Seven of these are from my paid TBR, and would be a score if I can finish them. The Louise Penny I'm very late in reading; when it first came out I wasn't in a good reading mindset and before I knew it another book had come out, and still another is due later this year in August. At least I have time to catch up without rushing.

 

The Georgette Heyer collection of stories was a serendipitous library find just now. I don't own it (I think that's the only one) but I've been waiting for a sale before I buy it. It came to mind as I was finalizing my TBR list. I checked my library, thinking no way they would have it but the little doubter was not rewarded, a happy turn of affairs. I know what I'll be doing tonight ;)

 

What are you most looking forward to reading this month?

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review 2019-02-02 18:01
A concise introduction to a life cut short
Martin Luther King, Jr.: A Life - Marshall Frady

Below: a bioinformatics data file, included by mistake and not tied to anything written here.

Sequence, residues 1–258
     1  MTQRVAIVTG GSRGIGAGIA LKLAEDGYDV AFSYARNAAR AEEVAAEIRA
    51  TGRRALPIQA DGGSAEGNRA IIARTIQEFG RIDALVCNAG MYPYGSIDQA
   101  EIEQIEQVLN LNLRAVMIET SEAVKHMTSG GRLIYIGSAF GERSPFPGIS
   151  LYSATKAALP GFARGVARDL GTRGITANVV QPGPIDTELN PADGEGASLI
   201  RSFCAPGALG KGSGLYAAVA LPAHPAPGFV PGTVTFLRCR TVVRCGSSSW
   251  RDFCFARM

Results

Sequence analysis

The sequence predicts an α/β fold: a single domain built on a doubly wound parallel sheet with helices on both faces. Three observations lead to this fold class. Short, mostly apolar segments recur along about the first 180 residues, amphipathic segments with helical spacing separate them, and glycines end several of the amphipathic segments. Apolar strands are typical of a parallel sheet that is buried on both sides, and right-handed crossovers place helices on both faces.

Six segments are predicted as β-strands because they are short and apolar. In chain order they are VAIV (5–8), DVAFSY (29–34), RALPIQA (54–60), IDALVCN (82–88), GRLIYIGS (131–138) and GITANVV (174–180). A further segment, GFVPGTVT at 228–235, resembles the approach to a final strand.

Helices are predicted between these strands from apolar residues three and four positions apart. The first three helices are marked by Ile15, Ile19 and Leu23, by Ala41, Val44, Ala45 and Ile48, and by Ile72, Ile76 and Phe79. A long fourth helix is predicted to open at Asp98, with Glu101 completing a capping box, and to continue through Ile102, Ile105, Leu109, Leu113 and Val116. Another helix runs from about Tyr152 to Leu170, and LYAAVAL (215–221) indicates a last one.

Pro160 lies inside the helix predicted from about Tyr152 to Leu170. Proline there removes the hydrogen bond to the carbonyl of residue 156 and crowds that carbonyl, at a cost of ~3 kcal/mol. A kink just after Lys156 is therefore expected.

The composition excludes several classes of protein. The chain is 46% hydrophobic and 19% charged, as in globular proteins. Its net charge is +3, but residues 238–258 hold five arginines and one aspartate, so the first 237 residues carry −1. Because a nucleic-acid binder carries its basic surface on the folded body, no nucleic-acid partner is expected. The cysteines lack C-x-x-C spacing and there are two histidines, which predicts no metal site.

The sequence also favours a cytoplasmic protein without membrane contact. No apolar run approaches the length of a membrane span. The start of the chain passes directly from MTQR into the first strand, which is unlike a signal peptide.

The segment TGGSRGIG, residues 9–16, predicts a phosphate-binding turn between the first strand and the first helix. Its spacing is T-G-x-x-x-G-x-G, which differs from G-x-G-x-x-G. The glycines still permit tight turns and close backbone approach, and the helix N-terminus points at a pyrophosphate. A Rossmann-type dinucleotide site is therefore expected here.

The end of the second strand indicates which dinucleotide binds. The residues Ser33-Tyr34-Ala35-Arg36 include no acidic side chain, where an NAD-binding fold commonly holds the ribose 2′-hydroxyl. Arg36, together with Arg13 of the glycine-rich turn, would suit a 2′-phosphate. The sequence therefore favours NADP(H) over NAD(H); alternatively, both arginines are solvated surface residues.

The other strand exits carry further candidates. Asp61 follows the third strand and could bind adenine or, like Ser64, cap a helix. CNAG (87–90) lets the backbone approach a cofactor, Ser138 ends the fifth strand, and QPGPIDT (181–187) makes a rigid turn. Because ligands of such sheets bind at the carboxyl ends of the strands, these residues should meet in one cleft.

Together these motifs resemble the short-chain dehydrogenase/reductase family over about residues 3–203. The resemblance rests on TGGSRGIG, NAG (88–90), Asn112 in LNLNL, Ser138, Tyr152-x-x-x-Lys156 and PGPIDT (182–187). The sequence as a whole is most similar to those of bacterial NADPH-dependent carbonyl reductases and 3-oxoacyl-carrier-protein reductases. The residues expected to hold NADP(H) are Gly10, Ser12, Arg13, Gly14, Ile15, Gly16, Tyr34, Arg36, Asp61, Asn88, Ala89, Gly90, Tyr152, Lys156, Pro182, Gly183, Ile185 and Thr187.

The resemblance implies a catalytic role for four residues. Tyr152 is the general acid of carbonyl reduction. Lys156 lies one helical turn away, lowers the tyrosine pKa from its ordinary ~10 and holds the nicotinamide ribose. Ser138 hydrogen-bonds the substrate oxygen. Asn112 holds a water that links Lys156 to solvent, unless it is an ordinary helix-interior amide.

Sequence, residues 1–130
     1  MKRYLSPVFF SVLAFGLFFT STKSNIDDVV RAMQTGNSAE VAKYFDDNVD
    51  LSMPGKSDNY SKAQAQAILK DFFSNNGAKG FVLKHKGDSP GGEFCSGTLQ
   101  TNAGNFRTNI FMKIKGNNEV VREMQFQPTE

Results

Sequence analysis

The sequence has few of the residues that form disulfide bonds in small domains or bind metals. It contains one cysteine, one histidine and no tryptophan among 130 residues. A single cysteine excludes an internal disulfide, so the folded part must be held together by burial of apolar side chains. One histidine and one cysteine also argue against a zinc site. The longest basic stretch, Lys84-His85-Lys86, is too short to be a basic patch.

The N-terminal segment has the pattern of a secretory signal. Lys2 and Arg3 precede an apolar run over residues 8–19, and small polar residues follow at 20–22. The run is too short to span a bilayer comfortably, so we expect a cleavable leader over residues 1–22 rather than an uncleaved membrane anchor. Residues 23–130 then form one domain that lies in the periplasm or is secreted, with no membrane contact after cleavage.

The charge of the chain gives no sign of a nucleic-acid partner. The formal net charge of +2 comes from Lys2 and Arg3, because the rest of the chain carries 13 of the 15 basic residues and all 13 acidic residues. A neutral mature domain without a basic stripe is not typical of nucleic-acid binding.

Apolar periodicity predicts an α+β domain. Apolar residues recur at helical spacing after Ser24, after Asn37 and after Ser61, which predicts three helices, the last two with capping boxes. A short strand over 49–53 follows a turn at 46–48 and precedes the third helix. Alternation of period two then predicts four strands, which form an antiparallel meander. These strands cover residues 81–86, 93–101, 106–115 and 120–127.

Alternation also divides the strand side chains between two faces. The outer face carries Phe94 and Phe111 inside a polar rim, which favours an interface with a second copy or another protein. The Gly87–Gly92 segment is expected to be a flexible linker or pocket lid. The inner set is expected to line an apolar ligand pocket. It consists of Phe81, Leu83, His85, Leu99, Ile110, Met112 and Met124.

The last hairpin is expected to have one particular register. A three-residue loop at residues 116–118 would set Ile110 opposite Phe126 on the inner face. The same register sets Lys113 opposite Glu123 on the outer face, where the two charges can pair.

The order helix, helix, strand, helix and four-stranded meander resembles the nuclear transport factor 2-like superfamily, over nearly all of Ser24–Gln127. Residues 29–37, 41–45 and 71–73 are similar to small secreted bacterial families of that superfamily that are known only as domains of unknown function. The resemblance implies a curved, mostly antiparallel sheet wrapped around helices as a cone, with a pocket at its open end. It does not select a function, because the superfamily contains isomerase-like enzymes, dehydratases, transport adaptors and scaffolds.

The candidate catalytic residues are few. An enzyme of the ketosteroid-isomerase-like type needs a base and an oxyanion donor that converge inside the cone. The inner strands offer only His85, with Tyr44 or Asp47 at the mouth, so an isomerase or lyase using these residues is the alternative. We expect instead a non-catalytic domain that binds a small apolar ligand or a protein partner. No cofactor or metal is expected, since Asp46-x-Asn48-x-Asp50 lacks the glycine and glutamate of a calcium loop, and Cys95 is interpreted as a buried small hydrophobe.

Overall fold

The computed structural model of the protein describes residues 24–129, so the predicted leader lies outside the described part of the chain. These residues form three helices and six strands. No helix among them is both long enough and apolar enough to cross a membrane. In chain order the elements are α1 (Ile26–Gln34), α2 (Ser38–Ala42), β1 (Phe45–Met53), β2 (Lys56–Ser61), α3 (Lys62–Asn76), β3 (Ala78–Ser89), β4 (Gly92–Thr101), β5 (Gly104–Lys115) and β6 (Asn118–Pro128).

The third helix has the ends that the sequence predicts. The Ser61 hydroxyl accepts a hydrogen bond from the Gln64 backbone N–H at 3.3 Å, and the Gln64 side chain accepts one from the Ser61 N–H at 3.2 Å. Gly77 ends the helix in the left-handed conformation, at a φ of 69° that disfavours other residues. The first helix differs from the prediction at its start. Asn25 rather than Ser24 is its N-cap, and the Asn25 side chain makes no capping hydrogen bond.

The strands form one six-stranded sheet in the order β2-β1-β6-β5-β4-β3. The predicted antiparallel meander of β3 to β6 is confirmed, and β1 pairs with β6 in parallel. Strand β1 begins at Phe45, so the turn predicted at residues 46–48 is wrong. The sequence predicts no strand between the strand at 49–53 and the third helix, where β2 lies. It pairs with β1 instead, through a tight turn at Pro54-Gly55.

Like that of most famous men, Martin Luther King Jr.'s life is one largely remembered as a series of events: the Montgomery bus boycott, the Birmingham marches, his "I Have a Dream" speech, his march in Selma, and his assassination in Memphis. While this list includes its most triumphal moments, it does little to cover the full range of his activities or the private life he lived. This is what Marshall Frady provides in this brief book. In a little more than 200 pages, he conveys the span of King's tragically short life, from his Atlanta boyhood through his early ministry to the activism that made him famous and helped to transform the nation. Though the familiar highlights are there, he adds to the reader's understanding elements that King's achievements have overshadowed, such as his failed campaign in the Georgia town of Albany, or the brutal resistance his efforts faced in St. Augustine, Florida. Their inclusion certainly qualifies the scope of what Kind accomplished, but it also helps readers to better understand the size of the challenge King and other protestors faced in challenging Jim Crow segregation.